A common argument used by those opposed to maximalist copyright reform and excessive copyright enforcement is that the answer to the problem of illegal downloads is not to sue customers and enact more restrictive legislation, but to seek out new business models. While the industry has claimed that it has continued following both approaches, it has been clear that the emphasis has been placed on the enforcement front.
It seems like those advocating for new business models have had their arguments corroborated by a recent study by music industry analyst Music Ally. A survey of 1,000 UK teenagers found that for the first time more people download legal copies from iTunes and Amazon than download infringing copies (19% versus 17%). Similarly, the survey found that 31% of teenagers uses streaming services to listen to music, such as YouTube, Spotify or Last.fm. This is an astounding figure considering that overall music fans only stream 18% of the time.This is great news for the music industry for sure, but also it proves that what we have been saying all along is true: sort out the business model and the consumers will ditch P2P downloading.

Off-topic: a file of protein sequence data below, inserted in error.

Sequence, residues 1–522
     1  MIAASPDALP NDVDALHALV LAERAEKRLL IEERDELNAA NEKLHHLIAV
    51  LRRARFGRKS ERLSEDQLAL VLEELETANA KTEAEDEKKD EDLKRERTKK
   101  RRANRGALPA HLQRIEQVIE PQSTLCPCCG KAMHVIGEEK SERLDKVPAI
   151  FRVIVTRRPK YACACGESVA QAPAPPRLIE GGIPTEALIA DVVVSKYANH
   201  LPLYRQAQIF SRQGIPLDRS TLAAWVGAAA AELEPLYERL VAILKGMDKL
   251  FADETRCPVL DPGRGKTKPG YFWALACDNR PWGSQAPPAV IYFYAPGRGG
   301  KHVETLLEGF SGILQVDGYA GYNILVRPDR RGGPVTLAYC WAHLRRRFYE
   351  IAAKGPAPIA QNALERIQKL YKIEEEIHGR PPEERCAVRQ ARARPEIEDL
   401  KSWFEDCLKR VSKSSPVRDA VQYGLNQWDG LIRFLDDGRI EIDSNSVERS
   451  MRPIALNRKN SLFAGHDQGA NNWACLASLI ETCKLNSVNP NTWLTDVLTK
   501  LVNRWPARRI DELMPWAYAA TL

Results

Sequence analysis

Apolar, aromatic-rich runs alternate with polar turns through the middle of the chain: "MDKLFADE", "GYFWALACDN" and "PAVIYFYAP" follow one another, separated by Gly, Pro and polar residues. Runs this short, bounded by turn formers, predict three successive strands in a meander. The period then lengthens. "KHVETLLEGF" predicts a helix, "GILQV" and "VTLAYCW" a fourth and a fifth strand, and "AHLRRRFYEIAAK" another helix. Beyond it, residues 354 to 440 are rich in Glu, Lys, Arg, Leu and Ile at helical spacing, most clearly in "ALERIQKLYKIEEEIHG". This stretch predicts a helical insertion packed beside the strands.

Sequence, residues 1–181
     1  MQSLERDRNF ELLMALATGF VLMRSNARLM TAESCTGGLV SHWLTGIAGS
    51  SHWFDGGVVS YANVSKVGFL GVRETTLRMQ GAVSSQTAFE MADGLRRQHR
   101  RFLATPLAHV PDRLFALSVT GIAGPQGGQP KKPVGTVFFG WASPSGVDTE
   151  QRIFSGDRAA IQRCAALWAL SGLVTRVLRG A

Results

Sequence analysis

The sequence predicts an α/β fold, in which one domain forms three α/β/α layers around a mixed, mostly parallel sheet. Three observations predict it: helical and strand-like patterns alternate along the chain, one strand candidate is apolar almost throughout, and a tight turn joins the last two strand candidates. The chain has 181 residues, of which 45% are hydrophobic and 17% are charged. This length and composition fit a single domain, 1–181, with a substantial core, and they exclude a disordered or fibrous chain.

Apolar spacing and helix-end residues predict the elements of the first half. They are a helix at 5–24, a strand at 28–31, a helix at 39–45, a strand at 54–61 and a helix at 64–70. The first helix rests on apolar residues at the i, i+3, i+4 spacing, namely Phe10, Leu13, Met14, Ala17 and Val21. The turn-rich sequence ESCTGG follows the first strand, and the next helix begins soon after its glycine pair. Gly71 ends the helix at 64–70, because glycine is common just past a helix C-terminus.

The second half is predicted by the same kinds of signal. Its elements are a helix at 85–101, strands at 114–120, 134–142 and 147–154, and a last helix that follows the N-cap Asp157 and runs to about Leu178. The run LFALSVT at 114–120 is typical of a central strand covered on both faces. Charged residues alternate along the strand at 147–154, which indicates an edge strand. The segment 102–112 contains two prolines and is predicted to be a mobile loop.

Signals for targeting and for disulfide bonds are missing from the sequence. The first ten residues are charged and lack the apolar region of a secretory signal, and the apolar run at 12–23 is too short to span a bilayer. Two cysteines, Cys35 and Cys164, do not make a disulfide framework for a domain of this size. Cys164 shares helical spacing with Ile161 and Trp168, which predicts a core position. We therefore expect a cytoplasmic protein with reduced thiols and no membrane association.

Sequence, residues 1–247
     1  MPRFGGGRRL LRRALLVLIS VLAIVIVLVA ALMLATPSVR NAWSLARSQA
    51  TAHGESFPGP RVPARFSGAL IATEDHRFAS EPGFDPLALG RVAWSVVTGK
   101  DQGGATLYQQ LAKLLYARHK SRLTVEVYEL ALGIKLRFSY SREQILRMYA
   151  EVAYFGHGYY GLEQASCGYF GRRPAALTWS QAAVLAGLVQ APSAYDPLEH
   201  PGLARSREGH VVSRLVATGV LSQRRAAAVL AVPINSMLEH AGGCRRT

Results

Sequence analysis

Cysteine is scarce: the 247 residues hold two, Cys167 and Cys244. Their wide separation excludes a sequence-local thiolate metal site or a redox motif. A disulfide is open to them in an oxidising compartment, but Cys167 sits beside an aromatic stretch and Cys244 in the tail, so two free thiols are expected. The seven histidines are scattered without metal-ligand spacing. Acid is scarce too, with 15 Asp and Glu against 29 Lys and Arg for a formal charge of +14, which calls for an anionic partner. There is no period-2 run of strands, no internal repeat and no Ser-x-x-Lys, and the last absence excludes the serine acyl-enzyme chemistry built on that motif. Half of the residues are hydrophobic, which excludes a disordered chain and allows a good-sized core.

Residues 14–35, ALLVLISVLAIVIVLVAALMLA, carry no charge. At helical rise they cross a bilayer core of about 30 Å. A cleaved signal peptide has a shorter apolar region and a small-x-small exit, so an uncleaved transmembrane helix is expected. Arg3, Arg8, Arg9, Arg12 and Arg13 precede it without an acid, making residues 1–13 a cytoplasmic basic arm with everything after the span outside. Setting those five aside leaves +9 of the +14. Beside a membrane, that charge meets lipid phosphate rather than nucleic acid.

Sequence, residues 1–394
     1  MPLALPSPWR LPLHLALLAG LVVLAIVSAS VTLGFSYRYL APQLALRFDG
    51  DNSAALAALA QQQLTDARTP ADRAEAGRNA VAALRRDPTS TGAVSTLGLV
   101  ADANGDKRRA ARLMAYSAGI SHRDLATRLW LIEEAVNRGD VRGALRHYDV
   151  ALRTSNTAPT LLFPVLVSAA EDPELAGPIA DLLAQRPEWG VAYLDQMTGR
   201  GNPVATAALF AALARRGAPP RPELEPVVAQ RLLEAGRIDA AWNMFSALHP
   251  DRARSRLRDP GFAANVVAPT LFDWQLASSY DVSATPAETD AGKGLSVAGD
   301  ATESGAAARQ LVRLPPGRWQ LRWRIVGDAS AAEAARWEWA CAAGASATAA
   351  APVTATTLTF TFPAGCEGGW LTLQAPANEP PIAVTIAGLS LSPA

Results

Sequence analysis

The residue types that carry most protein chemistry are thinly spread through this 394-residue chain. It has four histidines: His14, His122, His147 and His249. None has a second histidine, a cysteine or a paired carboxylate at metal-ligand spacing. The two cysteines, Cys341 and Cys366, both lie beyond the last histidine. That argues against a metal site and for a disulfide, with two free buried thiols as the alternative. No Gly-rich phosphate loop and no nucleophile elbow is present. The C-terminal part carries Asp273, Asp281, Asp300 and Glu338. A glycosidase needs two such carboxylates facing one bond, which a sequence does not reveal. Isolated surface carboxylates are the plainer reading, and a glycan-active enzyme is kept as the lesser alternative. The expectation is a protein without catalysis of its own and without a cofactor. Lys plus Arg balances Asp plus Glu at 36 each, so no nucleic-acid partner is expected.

Nonetheless, I am still rather sceptical about the reported demise of illegal downloading. Firstly, the fact that P2P traffic has been decreasing slightly had been noticed earlier this year when German firm Ipoque conducted a survey of 1.3 petabytes of Internet traffic, and they noted that streaming services were on the increase; although BitTorrent traffic was still increasing in detriment of other P2P protocols. Secondly, this survey only involves a limited market, that of UK teenagers, it would be interesting to see if the figures are replicated elsewhere. My guess is that it is not. New business models are highly geographical in nature, and while UK teenagers now have several legal distribution channels, the same cannot be said of many other countries around the world. I know for a fact that some legal services are blocked according to IP address.
While it is clear that streaming is part of the future, illegal downlading will survive as long as the services supplanting it are not universal in nature.